My lords and ladies, Justices of the Supreme Court, laws are based on values, but they are not the same as values. Laws are enactments (by the State) for the purpose of upholding values. For them to be effective, and to ensure compliance, they are normally backed up by a system of courts and police, as Prof John C. Lennox, once stated in his delightful work, ‘Against the Flow.’ A minimalist approach to the interpretation and implementation of law seems inconsistent with the stature of the apex court in the land. Going behind dry statutory provisions so as to arrive at the values which the subject rules or regulations espouse or reflect should be the highest duty of the highest court in the land.

Perhaps the hallowed words of the sage Babylonian King Hammurabi (Hammurabi (c. 1810 BC – 1750 BC, who was the sixth king of the First Babylonian Dynasty, reigning from 1792 BC to 1750 BC., and was preceded by his father, Sin-Muballit, who abdicated due to failing health) could be guiding posts. In his code he inscribes the purpose of law as being:

‘To cause justice to prevail in the country, to destroy the wicked and the evil, that the strong may not oppress the weak.’
Indeed, one of the oldest functions of law is to set limits on the powers of government, but also to shield the poor and the vulnerable in society from the rapacity of runaway capitalistic adventurism.

‘Empires (whether political or commercial) resemble wild animals. Unlike humans, animals are not inhibited by moral considerations, since animals are not moral beings. Empires tend to behave like that – as amoral power blocs. The overall impression of the vision is of the dark underbelly of politics: the jockeying for power, with less and less moral qualm, until a sense of humanity and compassion disappears under the ruthless lust for domination’ – John C. Lennox, ‘Against the Flow’

It is to that moral balance that we, with most profound humility and respect, call this court. In your quest to do justice, please do not lose sight of the values to which the people of this Republic committed themselves, and which form their most solemn aspiration. We plead that this court maintain in the front lobes of its individual and corporate brain the Latin phrase, Homo homini Deus est (Man is man’s God), which expresses the human instinct for over-reach, and curb such tendency in the best interest and welfare of justice. Man is not a law unto himself.

The second marker is probably self-evident. It is that of integrity. This value underlies your very capacity to dispense justice, as it is the bedrock upon which the authority of this court must be underpinned. In asking you so to act, and to require of you standards to which most Kenyans would be loath to be held, we thereby express our confidence in the ability of this court to discharge that very high calling.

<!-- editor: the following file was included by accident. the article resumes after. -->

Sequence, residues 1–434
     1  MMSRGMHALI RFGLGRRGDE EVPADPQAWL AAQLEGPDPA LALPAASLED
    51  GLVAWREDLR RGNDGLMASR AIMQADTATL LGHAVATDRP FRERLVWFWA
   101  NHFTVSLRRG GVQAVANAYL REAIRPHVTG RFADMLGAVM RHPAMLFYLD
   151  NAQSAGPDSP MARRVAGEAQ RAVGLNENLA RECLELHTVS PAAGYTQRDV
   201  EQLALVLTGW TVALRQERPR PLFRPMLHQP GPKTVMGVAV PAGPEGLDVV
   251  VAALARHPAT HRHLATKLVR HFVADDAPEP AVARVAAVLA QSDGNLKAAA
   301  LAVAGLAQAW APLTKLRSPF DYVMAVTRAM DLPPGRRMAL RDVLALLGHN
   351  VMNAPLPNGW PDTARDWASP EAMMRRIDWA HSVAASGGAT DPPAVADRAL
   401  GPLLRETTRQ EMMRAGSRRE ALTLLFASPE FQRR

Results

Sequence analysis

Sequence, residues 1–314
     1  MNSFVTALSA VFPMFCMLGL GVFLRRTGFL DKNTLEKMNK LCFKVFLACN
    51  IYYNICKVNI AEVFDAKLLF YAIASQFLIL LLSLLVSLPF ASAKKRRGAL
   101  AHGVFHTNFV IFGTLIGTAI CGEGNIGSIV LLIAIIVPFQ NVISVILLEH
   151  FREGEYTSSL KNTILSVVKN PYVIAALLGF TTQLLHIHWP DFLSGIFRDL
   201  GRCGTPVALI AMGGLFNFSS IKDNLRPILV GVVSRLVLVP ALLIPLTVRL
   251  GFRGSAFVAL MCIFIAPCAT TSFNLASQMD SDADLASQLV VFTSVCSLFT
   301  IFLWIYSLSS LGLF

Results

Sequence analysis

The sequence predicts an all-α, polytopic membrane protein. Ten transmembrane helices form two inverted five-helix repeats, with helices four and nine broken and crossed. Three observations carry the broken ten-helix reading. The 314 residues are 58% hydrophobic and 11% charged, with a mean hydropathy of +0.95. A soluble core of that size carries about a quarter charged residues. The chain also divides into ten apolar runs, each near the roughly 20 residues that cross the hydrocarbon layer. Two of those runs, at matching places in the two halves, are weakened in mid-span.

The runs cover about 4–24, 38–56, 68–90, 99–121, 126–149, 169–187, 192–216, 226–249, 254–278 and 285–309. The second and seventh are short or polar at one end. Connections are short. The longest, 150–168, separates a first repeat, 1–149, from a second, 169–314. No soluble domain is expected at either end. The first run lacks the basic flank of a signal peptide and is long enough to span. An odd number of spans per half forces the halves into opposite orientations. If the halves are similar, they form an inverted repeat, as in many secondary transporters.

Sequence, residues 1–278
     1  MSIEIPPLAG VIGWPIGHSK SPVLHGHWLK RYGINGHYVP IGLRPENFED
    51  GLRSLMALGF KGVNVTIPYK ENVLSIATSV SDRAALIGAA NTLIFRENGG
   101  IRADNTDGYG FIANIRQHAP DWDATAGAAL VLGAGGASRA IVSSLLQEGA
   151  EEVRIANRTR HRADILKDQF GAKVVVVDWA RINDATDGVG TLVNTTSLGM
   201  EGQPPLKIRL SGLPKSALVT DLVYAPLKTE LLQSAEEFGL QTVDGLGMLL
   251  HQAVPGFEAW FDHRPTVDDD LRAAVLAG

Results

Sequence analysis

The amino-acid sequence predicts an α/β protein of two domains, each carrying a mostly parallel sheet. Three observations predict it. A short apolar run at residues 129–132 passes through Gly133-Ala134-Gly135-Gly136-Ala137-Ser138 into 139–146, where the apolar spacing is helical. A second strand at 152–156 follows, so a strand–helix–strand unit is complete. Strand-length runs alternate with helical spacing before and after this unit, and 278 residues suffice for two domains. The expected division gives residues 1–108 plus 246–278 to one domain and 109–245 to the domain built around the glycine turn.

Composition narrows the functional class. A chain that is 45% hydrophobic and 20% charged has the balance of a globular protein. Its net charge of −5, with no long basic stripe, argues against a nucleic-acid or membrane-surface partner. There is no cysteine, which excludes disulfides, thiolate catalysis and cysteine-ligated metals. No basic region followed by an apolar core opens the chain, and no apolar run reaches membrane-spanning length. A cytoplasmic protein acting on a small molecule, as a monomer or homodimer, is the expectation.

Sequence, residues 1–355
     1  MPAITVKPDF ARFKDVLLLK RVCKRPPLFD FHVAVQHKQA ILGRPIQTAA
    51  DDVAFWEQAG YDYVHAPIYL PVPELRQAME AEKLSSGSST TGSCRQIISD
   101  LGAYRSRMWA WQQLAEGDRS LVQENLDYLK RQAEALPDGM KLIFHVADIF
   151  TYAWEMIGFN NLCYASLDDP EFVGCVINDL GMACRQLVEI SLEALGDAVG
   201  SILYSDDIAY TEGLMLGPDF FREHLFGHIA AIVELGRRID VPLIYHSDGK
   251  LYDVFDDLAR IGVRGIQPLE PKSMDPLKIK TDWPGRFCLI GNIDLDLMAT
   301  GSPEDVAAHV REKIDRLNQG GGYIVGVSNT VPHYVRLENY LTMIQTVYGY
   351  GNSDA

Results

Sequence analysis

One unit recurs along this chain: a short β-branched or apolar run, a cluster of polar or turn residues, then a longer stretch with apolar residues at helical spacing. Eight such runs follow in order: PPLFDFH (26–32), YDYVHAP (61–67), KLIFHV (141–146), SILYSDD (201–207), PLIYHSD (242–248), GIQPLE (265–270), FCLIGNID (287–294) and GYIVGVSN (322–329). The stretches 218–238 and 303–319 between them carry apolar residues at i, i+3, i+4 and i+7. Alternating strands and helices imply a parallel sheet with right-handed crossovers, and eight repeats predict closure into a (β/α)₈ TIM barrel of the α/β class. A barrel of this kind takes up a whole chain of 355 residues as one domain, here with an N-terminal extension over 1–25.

To be sure, the Judges of the Supreme Court are but human, and are subject to like pressures, appetites and foibles of the rest of us lesser mortals. Yet, the fact remains that each of you has been found by your peers – on account of your learning, your industry, comportment and wisdom – to deserve a seat on the bench of the highest judicial authority in the public weal. We salute you and offer our willing support and assistance in any way which would contribute to the success of this court, for the ultimate benefit of the administration of law and justice.

It is not my place to offer advice which has not been sought. Yet, as an officer of the court and, in my representative capacity to which I alluded earlier, I am duty-bound to say to you, Lord Chief Justice and your fellow jurists, that despite the big task that is before you, each of you has not only the ability and capacity to meet that challenge but also the capacity to summon up the mettle to do justice courageously and without fear or favour, as you each swore to do. For, as the holy texts remind us in the following paraphrase of the book of Second Corinthians:
‘You may be hard pressed on every side, but you are not crushed; perplexed, but not in despair; persecuted, but not abandoned; struck down, but not destroyed.’ (

We have the confidence that this court will discharge its solemn duty with great fortitude and a singular sense of duty. And, in that, we wish you ever blessing. For, you stand where others before you stood albeit in a different context when these words were declared of them:

‘I have given you authority to trample on snakes and scorpions and to overcome all the power of the enemy; nothing will harm you.’ (Luke 10:19)
May it be so with you too..”